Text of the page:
The Peter Bell Phenomenon

The Peter Bell Phenomenon

In the midst of graduate school at Hopkins, I discovered that I had one set of reasons for being there, and my professors had an altogether different set of reasons for asking me to be there. My dissertation, on the novelist Kingsley Amis, was an effort to fulfill my own objectives in studying and teaching English literature; The Peter Bell Phenomenon was an effort to satisfy those of my professors. My interest, in minor genres, and in an empirical, untheoretical approach to texts, stood in direct contradiction to my professors’ interest, which was in highly theoretical criticism of texts firmly seated in the approved canon. To satisfy them, I in effect wrote a second dissertation, one that dealt with not just Wordsworth, but Keats, Shelley, and Byron, and a slough of associated figures as well. The work was good enough so that three published learned journal articles were successfully carved out of it. But at the end of the day, however major the poets involved, I was writing about minor works, and really this was a work of scholarship, not of criticism. Given these ineluctable facts, I predictably and utterly failed to impress my professors with Peter, a bit of which I presented (if memory serves) at an excruciating ritual known as Journal Club.

Rereading this manuscript 34 years after I completed it, I’m struck with the thought that only a young man with nearly unlimited energy could have done this at the same time as he produced a dissertation on an unrelated subject. Understand, the minimum number of years in the program to a doctorate was four. Most graduate students struggle to get through one dissertation in that period, and many of my peers had to take an extra year or two. I bagged my doctorate in four years, having done both projects. Of course, some of my peers, having played departmental politics rather better than I did, ended up as academics. By contrast, my own academic career ended almost immediately thereafter.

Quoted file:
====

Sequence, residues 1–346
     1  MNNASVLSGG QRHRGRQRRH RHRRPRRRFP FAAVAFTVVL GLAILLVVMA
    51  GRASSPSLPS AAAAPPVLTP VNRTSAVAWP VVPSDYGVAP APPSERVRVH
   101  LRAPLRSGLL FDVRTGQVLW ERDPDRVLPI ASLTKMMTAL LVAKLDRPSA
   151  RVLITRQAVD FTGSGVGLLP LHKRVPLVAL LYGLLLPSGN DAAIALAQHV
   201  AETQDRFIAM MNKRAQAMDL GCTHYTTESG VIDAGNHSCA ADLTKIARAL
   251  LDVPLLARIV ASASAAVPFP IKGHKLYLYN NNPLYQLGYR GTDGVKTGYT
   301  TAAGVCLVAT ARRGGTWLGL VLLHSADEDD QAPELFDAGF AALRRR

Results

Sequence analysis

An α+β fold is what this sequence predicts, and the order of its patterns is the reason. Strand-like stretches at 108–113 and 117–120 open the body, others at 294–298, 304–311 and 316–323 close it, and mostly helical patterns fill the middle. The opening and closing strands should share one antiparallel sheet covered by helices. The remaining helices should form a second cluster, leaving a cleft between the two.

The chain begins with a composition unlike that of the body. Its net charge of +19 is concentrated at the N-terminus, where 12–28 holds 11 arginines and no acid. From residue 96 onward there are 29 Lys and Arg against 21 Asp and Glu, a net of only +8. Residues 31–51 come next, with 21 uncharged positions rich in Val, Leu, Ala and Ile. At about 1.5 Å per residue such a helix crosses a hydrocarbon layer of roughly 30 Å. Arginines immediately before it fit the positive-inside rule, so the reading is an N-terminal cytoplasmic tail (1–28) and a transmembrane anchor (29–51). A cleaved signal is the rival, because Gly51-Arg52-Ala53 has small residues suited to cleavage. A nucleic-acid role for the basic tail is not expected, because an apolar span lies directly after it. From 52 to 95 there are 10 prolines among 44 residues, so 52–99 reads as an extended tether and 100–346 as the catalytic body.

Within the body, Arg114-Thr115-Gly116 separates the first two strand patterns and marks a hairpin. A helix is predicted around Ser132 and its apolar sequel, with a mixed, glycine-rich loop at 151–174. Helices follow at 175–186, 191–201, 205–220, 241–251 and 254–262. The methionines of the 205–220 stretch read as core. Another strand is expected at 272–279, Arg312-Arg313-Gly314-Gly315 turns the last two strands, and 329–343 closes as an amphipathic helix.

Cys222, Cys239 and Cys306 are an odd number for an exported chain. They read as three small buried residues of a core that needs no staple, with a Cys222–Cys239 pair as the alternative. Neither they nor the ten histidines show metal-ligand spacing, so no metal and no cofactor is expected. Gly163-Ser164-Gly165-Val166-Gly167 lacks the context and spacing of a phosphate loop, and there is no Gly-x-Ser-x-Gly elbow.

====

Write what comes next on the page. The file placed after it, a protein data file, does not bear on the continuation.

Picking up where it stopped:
Although I wept actual tears when I realized my academic career was over, I have never since that time much regretted that failure. Rather, I regret the attempt. Law school was my true path. I wish I could have had those four years back. Not that they were worthless. Four years in intense pursuit of any intellectual training will always be worth something. Still, those years could have been much better spent.

The manuscript itself remains, however. It has sat in my drawer for half a lifetime. I know that the scholarship is dated, and likely outmoded in various ways, but I still think it makes a contribution. I still think my professors were worse than idiots not to champion it. But it was not realistic to try publishing it before now.

When I put the book together, one would have needed the cooperation of a university press to publish it. And without the prestigious backing of my Hopkins patrons, or that of the academic department I never got to join, such cooperation was obviously not going to be available to me. Blogs have handed the artillery of publication to us scribblers, however, and it is high time I took advantage of it. So I offer Peter to the world now. Hopefully, the self-indexing properties of the Web will enable it to find its way to scholars who may find some use for it.

I apologize in advance for the state of the typography. This was done with the latest 1975 technology: an IBM Selectric typewriter, on onionskin paper, and heavily corrected with Wite-Out. Some illegibility resulted, and some errors, typographical and doubtless of other sorts as well, crept through notwithstanding. And it would be nice to have the notes on the same page, or even in the same part of the manuscript, as the text. Perhaps some day I can pay an amanuensis to slick-ify the presentation. Even unslick-ified, it is legible enough, and, hopefully, readable enough.

If you like satire, if you like politics, if you like infighting and pseudonyms and catty remarks made great people about other great people, even if you simply like seeing great poets in their less-great moments, dig in and enjoy!  (When you click on the link, have patience with the length of the download; this is a large file.)